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Watershed (Special Edition)

Opeth

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Album Review

After album (or "observation," as the band likes to call them) number eight — Ghost Reveries — Opeth could have very easily coasted, merely rehashing their sound. Instead, they opted to challenge themselves and their listeners, creating an album that can — at times — expose its true nature and scope slowly and — at other times — be jarring, as if it were turning itself inside out. Opeth take chances that many bands in the same situation would be too scared to have a go at. It's hard to say if the recent membership changes affected bandleader Mikael Åkerfeldt's writing and production, or if he was enjoying his trip down classic rock (see: Deep Purple) lane. For whatever reason, Watershed is a new benchmark for Opeth. The tricky part is pointing out that while Watershed is a fantastic record, one that takes chances while remaining totally metal (dude), it feels less like a complete statement than a preview for something even greater. After the pastoral introduction of "Coil," Opeth move into pummeling mode with "Heir Apparent." It's one of the few tracks here to feature growling death metal vocals. But it is track three where Opeth really take the listener by the ear and twist. There's a gently humming prologue, then "The Lotus Eater" becomes a slab of blastbeats iced with clean vocals that — as with many Opeth tunes — takes a "break" two-thirds of the way through, only to take one hell of a left turn out of nowhere. The tune doesn't just go back to heavy riffage, but explores a prog metal, psychedelic organ quasi-freakout that touches on pure jazz. "Burden," arguably the strongest of the classicist tunes on Watershed (closely followed by "Hessian Peel"), is lush and grandiose. It's the moment on this collection where the listener realizes how incredibly talented this band is. And if the songs themselves aren't enough, the structures and fade-outs on some of them are. An example: "Burden"'s gentle guitar outro is deconstructed by someone manually detuning Åkerfeldt's guitar as he plays. Another: "Lotus Eater"'s Dark Side of the Moon-esque "voices in your head" send-off. These add more depth to an album that surprises continually, even after repeated listens. Sure, there are some (sort of) weak moments — "Porcelain Heart" seems a bit mainstream, and "Hex Omega," while a stunning closer, has insanely tough competition as a standout from the other six tracks. Essentially, Opeth's perceived weaknesses would be pivotal moments for any other band. This is a band that has managed to get exponentially better with each release, taking amazing chances and managing to not only win new fans, but not alienate older ones. A perfect blend of the death metal of Still Life, Blackwater Park, and My Arms, Your Hearse, the monolithic riffage of Deliverance and Ghost Reveries, and the prog/classicism of Damnation combined with classic Deep Purple, Pink Floyd, and Scorpions, Watershed marks a new chapter for Opeth, one that promises infinitely more than its predecessors. [A CD/DVD edition was issued in 2008.] ~ Christopher M. True, Rovi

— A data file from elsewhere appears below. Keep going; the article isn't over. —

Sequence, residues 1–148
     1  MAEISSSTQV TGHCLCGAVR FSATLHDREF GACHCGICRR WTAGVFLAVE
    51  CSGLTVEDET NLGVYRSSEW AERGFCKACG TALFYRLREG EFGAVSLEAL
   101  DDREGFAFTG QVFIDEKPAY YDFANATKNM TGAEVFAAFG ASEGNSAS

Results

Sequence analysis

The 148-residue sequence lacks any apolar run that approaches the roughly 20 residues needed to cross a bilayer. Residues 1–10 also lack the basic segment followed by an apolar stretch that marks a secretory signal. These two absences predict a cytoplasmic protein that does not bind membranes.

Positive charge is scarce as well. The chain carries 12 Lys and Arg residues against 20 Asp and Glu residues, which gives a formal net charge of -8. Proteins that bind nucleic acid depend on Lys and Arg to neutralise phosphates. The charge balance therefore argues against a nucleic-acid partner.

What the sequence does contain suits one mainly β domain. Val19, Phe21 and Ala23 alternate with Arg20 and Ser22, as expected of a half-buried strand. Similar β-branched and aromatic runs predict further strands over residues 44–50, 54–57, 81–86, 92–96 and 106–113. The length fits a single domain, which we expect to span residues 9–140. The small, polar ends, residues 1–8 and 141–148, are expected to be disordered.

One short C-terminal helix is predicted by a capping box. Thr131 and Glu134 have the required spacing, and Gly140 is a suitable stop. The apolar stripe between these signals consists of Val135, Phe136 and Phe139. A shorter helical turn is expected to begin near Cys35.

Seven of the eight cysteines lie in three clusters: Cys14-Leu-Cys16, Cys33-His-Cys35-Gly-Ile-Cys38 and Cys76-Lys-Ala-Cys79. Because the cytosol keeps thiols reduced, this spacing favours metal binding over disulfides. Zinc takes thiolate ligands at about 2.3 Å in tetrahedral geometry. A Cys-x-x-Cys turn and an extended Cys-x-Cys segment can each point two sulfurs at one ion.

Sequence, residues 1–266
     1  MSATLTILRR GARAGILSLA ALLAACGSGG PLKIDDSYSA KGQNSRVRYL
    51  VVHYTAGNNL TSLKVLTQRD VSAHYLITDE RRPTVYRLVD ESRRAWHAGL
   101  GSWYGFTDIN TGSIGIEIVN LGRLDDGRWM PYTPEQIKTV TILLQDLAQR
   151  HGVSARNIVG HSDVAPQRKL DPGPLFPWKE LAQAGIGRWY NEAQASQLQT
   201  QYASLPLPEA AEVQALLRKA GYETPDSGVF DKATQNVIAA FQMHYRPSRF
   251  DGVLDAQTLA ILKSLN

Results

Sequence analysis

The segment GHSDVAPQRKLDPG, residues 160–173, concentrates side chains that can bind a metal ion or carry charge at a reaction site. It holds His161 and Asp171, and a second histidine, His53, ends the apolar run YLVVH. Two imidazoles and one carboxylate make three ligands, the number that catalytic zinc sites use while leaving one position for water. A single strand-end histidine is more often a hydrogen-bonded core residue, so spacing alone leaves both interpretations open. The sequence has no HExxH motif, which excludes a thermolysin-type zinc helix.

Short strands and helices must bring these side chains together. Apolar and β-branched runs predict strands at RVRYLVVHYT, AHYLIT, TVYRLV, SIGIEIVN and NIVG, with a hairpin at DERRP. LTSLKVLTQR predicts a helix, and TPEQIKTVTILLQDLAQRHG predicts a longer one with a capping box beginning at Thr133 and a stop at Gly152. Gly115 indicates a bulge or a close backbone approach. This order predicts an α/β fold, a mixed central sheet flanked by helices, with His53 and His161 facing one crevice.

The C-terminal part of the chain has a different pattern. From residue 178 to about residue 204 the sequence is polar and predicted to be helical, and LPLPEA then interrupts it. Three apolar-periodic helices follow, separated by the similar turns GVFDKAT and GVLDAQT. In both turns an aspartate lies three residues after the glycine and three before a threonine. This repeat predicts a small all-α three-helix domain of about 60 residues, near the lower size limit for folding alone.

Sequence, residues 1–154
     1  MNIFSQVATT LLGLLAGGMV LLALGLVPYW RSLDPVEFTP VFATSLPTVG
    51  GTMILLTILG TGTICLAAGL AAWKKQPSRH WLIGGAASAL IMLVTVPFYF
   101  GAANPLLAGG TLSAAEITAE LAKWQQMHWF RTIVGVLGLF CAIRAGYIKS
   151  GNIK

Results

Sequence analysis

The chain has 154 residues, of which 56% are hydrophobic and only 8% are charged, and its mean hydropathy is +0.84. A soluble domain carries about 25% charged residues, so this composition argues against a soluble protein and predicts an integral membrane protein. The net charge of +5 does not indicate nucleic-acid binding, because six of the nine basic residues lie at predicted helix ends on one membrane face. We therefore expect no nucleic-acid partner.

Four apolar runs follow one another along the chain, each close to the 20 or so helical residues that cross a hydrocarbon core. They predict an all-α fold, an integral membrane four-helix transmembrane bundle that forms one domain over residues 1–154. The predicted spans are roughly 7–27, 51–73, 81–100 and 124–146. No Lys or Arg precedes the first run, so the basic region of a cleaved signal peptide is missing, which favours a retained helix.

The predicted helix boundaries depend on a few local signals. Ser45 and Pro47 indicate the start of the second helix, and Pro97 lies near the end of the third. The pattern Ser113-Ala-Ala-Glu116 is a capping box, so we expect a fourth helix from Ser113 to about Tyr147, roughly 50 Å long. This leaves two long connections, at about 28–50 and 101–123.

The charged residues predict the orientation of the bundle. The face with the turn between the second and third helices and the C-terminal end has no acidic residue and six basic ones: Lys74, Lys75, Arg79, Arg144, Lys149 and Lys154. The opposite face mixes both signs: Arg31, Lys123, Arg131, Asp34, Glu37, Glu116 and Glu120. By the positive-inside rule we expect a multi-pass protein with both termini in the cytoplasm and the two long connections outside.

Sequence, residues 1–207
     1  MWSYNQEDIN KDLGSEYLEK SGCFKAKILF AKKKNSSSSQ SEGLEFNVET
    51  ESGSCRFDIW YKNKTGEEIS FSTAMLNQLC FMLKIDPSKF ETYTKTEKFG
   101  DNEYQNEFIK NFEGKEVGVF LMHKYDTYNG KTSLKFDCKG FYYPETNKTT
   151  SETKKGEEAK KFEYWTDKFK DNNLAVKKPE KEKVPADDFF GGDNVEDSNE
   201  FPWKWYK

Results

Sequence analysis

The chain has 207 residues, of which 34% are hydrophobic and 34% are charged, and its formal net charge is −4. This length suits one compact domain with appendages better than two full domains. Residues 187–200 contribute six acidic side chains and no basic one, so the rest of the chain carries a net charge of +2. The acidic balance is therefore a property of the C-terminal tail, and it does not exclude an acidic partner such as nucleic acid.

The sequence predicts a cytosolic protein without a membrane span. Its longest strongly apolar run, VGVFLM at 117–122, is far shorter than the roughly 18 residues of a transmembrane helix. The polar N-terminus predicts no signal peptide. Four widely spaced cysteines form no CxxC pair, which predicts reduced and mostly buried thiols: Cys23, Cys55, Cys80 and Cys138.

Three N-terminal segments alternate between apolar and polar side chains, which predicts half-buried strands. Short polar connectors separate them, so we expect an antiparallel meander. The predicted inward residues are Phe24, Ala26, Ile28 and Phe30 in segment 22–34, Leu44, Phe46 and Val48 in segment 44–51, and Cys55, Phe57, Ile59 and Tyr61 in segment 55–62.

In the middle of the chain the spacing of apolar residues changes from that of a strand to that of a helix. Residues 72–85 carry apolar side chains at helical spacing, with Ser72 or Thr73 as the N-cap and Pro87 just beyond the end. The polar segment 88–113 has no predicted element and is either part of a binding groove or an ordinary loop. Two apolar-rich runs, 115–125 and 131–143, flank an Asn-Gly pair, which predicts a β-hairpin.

Customer Reviews

Too good!

Once again Opeth amazes me with that album. Owned it since it came out n i didnt spent 1 day without listening to it!

Biography

Formed: 1990 in Stockholm, Sweden

Genre: Rock

Years Active: '90s, '00s, '10s

Brought together in Stockholm by guitarists Peter Lindgren and Mikael Åkerfeldt in 1990, Opeth added progressive influences and acoustic instrumentation to their brand of Swedish death metal. As the group progressed, it was very common for an Opeth live set to fly in several different musical directions — and an average song lasted no less than ten minutes. Impressed by their originality, Candlelight Records released their debut full-length in 1995, which was titled Orchid, and featured a rhythm...
Full bio
Watershed (Special Edition), Opeth
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  • €12.99
  • Genres: Rock, Music, Metal, Death Metal/Black Metal
  • Released: 24 May 2008

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